Pruning

Pruning Dendrobium Phalaenopsis Orchids is easy. Remove dead and diseased leaves by cutting them at the base with sharp scissors or a knife. The flower spike arises from the top of the cane. Once flowering is over, cut the flower stalk at the point where it meets the cane. The cane has the potential to produce more flower spikes. Do not remove old leafless canes as they continue to provide water and nutrients to the plant. The old canes can produce Keikis which can be used to propagate new plants.

How to Trigger Flowering in Dendrobium Phalaenopsis Orchids (Hard Caned Dendrobium Orchids)

Phalaenopsis Dendrobium Orchid do not need a significant temperature difference to initiate flowering. A slight difference of of 8-110C is ideal. Reduce watering but maintain the soil moderately moist during this period. Withhold feeding during this period. Take it back to its usual spot when the 6 weeks period is over. This kind of treatment will coax a Hard Caned Dendrobium Orchid to flower as it mimicks its natural triggers in the wild.

How to Propagate Dendrobium Phalaenopsis Orchids (Hard Caned Dendrobium Orchids)

Dendrobium Phalaenopsis Orchids can be propagated at the beginning of the growing season, once flowering is over by division or from keikis.

Propagating Dendrobium Phalaenopsis Orchids by division
Gently split the rhizome into sections. Leave at least 3 shoots on each section. Seperate the roots attached to each section from the mother root ball. Remove the old potting soil attached to the roots. Place each section in the center of the pot. Bury the roots in the soil while ensuring that the bottom of the pseudobulb is level with the top of the soil. The best pot should be about 1-2 in. larger than the pseudobulb. Ensure the pot has enough drainage holes and slits to prevent root-rot. Place the set up in a shaded place until the new plants have established their own roots which is marked by new growth. Water the new Dendrobium Phalaenopsis Orchids lightly to enhance root development. Stake each newly repotted plant.

Propagating Dendrobium Phalaenopsis Orchids from keikis
Dendrobium Phalaenopsis Orchids naturally produce "baby" orchids called "keiki" which normally appear at the end of the cane which is where the keiki producing hormones accumulate. Keikis are identical copies of the parent. The keiki can be detached from the mother when about one year old when it has developed 2-3 leaves and 1-3 in. long roots. Pot up the keiki in fresh potting medium. Direct the roots downwards and provide support for the keiki. Place the set up in a shaded place. Mist the keiki regularly to maintain a humid enviroment. The keiki may take 1-3 years to bloom.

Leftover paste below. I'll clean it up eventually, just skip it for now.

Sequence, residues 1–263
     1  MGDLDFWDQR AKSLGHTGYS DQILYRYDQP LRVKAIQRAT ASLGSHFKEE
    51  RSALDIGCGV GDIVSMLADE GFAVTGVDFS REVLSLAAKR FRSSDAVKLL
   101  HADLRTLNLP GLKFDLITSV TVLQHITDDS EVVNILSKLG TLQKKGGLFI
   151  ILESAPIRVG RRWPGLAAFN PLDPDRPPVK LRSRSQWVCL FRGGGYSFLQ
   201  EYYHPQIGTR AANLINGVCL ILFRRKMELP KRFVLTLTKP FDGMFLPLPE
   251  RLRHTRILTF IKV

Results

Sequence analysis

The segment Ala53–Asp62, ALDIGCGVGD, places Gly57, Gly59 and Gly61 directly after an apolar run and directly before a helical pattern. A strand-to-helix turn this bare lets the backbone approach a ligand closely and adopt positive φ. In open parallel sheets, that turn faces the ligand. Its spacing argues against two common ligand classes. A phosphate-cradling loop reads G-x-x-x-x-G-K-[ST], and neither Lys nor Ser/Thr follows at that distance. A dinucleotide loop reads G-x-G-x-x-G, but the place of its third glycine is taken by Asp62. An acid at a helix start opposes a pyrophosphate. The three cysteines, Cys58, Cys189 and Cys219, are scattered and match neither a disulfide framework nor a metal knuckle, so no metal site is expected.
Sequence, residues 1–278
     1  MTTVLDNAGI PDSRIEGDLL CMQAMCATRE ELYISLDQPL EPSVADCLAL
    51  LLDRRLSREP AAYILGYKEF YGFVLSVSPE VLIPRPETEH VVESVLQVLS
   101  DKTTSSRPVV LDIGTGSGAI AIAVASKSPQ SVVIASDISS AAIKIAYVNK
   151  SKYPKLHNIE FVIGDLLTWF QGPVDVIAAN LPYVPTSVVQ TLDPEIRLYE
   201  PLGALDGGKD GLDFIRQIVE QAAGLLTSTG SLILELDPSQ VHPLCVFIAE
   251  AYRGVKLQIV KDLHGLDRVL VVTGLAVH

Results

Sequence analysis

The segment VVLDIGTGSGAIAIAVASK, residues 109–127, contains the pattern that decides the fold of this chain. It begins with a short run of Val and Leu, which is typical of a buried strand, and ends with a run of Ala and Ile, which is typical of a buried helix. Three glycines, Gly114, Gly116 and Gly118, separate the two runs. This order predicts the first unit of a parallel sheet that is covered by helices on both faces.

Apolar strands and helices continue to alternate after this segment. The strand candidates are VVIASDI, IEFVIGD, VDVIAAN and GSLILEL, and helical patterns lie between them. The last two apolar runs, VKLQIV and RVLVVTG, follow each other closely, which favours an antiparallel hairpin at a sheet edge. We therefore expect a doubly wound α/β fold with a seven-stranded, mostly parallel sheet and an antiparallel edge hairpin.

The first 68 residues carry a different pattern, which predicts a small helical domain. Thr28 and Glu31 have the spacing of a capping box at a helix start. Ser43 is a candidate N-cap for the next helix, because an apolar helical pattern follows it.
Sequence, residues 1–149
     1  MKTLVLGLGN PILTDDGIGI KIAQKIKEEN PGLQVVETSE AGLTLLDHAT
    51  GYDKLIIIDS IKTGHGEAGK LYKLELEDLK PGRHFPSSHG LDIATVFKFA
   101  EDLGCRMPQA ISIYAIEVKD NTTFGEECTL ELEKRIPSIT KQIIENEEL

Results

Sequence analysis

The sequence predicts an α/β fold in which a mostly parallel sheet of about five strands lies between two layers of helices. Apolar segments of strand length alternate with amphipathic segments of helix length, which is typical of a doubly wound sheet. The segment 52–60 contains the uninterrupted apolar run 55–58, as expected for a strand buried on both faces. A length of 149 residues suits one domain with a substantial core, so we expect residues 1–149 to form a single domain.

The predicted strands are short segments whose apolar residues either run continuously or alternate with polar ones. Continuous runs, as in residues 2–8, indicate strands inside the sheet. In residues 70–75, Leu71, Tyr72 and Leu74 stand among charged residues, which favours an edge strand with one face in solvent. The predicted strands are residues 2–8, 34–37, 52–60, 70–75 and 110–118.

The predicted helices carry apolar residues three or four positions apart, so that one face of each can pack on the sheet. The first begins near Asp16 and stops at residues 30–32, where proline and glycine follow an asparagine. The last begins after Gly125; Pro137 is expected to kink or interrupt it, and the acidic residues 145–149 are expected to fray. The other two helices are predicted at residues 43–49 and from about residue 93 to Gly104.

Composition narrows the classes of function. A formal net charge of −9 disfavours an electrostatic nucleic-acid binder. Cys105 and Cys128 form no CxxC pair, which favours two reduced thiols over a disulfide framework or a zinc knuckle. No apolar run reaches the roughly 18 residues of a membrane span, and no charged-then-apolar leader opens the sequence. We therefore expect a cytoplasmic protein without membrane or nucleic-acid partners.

Common Problems in Growing Dendrobium Phalaenopsis Orchids (Hard Caned Dendrobium Orchids)

  • Brown soft spots on the leaves
  • Brown soft spots on Dendrobium Phalaenopsis Orchid leaves are an indication of a fungal disease; remove the affected leaves immediately to prevent further spread.

  • Brown hard and dry spots on leaves
  • Exposure of Dendrobium Phalaenopsis Orchids to direct sunshine will result in scorch marks which are brown hard and dry spots on the leaves. Move the orchid to a shadier spot or protect it from direct sunshine.

  • Mould on leaves
  • This is an indication of Powdery Mildew Disease. Misting the leaves in Dendrobium Phalaenopsis Orchids may lead to mildew growth if the water does not evaporate quickly. Ensure good air circulation and stop misting.

  • Limpy and droopy leaves
  • Limpy and droopy leaves in Dendrobium Phalaenopsis Orchid are caused by underwatering. Do not allow the soil to dry out completely. Water Dendrobium Phalaenopsis Orchid thoroughly, maintain the soil consistently moist and allow only the top half of the soil to dry out between waterings.

  • Dark-green leaves
  • Dark green leaves in Dendrobium Phalaenopsis Orchid indicate that the plant is not getting enough light. Move the orchid to a brighter spot. The leaves of a Hard Caned Dendrobium Orchid that is receiving the correct light should be light green.

  • Yellowish leaves
  • Yellowish leaves in Dendrobium Phalaenopsis Orchid indicate that the plant is getting too much light. Move the orchid to a shadier spot. The leaves of a Hard Caned Dendrobium Orchid that is receiving the correct light should be light green.

  • Leaf tips turn black and die
  • The cause of black leaf tips in Dendrobium Phalaenopsis Orchid is the presence of chemicals like chlorine and flourides in water. Use chlorine-free water only.

  • No blooms
  • Too little light for Dendrobium Phalaenopsis Orchids will result in no blooms. Move the plant to a brighter spot.

Toxicity

Hard Cane Dendrobium Orchids (Dendrobium Phalaenopsis) are non-toxic to both humans and pets. They are safe to grow indoors.